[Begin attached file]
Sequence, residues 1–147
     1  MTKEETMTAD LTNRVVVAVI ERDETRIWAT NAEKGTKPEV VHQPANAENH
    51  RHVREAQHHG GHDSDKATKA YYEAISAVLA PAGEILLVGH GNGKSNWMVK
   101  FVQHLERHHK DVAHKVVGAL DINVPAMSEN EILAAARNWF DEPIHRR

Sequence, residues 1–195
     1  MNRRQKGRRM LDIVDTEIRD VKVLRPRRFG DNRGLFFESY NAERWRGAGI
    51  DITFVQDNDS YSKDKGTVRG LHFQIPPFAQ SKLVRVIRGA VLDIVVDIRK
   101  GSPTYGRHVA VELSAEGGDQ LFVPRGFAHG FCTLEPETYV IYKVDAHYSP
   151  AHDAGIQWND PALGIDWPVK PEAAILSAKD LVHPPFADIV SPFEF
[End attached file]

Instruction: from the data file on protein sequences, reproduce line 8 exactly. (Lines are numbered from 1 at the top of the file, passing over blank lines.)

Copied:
   101  GSPTYGRHVA VELSAEGGDQ LFVPRGFAHG FCTLEPETYV IYKVDAHYSP